Wednesday, February 4, 2009

Carolyn and Matt in World's Largest Science Museum: Proceed with Caution

In 1903 Prince Ludwig, the Regent of Baveria who ruled after Ludwig II's death, was approached by Oskar von Miller to act as patron of a science and technology museum. Oskar was an engineer who wanted to showcase all the amazing advances in science that had been made over the previous century. Ludwig liked the idea and gave v. Miller an island in the middle of the Isar River to make the dream come true.

Today, the museum is the world’s largest science and technology museum. Rick Steves is neither a scientist nor a museum fan and thought this was worth at least a morning or afternoon, a healthy chunk of time by his reckoning. Carolyn and I knew this insight translated into roughly a week at our interest level and museum pace. Unfortunately, we only had a day, so we decided to get there at opening and didn’t plan to leave until closing.

It was a brisk Sunday morning. Walking through the shopping district on a Sunday in Germany is like strolling through a ghost town after the Ghostbusters got to work. Fortunately there is plenty of public art on display to add flavor to your quiet stroll.

For some reason this fountain wasn’t shut down. I wonder if it pumps salt water? Regardless, Dionysus really needs to take care of that cold, or at least use a tissue.

The Deutsches Museum in the middle of the Isar. There are multiple branches of the already massive place, including one in Bonn that I have yet to explore.

The only other people on the street were also headed towards the museum. We really didn’t need to worry about competing with the crowds because the building is absolutely massive. We bellied up to the ticket counter and only had to lay down 3 Euro each as students. An entire day of science for 3 Euro? There is no better deal in Europe (except maybe 3 Euro for the Viennese State Opera).

When I looked at the map, I was slightly disappointed. The museum put a lot of emphasis on technology. Exhibits were labeled “Ceramics,” “Mining,” “Photo and Film,” “Shipping.” I’m more of a Natural Sciences person and wasn’t immediately drawn to many of the titles. We decided to start at the back of the museum and work our way forward, entering a reproduction of Altamira Cave, a cave famous for its Paleolithic cave paintings of bison, horses and handprints. This was right up my alley.

After leaving the cave we wandered into the next exhibit entitled “Textile Production.” Normally I would dismiss a room filled with looms, but as Carolyn and I moved from placard to object, we quickly discovered how little we actually knew about how our clothing is made. Dying, synthetic fibers, printing…we were engrossed by the interactive (though slightly worn) exhibits and suddenly realized we had dumped about an hour of our precious time into textiles. I had a sneaking suspicion this would become a trend.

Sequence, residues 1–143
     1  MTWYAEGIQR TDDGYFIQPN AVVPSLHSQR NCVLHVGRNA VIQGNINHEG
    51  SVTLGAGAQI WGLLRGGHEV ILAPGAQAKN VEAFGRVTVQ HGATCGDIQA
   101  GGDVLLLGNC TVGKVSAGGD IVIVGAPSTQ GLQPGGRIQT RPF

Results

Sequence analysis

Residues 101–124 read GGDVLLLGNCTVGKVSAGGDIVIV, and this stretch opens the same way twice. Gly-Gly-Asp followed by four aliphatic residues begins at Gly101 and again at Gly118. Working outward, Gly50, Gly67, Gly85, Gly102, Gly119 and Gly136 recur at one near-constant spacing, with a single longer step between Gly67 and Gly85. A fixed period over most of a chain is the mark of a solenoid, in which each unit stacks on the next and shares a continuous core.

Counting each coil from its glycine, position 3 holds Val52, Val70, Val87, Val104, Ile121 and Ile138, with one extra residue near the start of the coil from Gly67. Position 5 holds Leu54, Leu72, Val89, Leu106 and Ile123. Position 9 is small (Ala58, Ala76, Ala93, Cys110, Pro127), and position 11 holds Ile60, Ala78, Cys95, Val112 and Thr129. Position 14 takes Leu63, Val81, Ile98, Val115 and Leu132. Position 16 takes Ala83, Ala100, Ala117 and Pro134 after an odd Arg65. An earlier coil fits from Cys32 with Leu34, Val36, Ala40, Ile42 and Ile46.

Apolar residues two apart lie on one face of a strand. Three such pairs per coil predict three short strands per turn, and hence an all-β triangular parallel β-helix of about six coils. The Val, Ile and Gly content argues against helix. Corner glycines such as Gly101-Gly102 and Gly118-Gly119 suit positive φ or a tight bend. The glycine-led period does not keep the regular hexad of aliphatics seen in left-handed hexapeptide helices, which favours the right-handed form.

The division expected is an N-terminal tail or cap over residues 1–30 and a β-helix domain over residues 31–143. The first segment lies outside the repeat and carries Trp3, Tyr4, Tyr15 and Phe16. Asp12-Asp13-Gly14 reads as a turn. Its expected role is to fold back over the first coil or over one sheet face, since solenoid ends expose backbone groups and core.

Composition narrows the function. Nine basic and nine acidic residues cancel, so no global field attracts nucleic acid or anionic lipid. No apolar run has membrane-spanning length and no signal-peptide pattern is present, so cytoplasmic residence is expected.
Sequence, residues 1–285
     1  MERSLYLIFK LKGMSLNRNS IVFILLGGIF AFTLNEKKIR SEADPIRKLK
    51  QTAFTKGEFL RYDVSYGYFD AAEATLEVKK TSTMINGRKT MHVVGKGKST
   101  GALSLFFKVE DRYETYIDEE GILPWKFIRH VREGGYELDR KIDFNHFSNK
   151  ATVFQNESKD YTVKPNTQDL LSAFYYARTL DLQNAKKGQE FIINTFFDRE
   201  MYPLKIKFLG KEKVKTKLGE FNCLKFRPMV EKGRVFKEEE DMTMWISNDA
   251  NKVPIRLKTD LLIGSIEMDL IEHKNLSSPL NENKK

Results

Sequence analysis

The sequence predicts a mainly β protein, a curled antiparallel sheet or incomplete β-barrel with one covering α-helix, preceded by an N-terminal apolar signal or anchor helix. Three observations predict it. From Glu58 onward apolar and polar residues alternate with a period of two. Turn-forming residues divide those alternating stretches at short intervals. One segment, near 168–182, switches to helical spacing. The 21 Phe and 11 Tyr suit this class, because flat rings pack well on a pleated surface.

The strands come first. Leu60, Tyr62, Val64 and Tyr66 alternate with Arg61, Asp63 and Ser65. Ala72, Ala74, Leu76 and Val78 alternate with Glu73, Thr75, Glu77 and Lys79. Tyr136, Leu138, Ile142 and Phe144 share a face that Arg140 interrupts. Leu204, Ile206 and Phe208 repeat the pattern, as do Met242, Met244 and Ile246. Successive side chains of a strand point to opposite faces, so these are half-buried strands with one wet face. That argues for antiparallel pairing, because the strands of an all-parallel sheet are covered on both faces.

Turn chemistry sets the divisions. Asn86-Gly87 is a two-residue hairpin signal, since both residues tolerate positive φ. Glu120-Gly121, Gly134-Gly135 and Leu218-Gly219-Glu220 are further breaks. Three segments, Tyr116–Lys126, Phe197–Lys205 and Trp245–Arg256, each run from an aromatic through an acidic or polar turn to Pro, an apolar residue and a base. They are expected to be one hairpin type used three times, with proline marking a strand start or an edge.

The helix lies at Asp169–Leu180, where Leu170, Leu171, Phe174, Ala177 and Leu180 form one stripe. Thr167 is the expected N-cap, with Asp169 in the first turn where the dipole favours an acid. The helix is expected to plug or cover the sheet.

Carolyn looming over a loom. I think this was the moment she figured out how to use the pedals to make a dowel-rod quilt.

The next room was on photography and film where I learned how autofocus actually works and saw one of the first films ever shot in Germany. It was produced in the 1888s on the streets of Frankfurt. Confused Germans walk by the camera wearing bustles and top hats. I was engrossed. I think of films as beginning with Charlie Chaplain, but this material was thirty years older, showing characters I normally think of as frozen in old photographs, or reproduced in historic movies and plays. These were real people, normal people. History blew my mind for a second, then I moved on. There was a lot more to see.

A carrier pigeon who was trained to fly with a camera strapped to his chest. The photo in the foreground show one of the images this camera took (though maybe not this pigeon). It shows Neuschwanstein Castle and the surrounding country side. On the left and right of the image are the bird's beating wings.

By the time we left we had strolled through the section on “Bridges” (How did medieval engineers build across the Rhein?), “Rockets” (How do you produce rocket fuel in 1900?), “Music” (How does an organ work?), “Agriculture” (How do you improve the mill?) and “Boats.” The final exhibit is the centerpiece of the museum with an actual sloop in the center of the hall. The experience was something like walking into the book “The Way Things Work.” We didn’t see the Astronomy section, we blazed through Chemistry where you could push a button at a window and a chemical reaction would take place before your eyes. Automatically measured quantities of chemicals were combined, reacted and drained at your command. Carolyn was interested in the automated waste disposal system the displays must require.…I need to go back. That place was incredible. Carolyn agrees.

A soaring modern bridge that curves over the bridge exhibit.

I would have played trombone in grade school if I knew I could trick out my horn like this.

Not completely sure what this is or how it works, though that crank seems like a good place to start. I think I saw Sting play one of these once. If there's a current musician with such a skill, its Sting.

I take a photograph of myself in front of every linotype machine I encounter. My mom's family were printers before an invention called the computer made their skills obsolete. If it wasn't for IBM, I would probably be a linotype operator.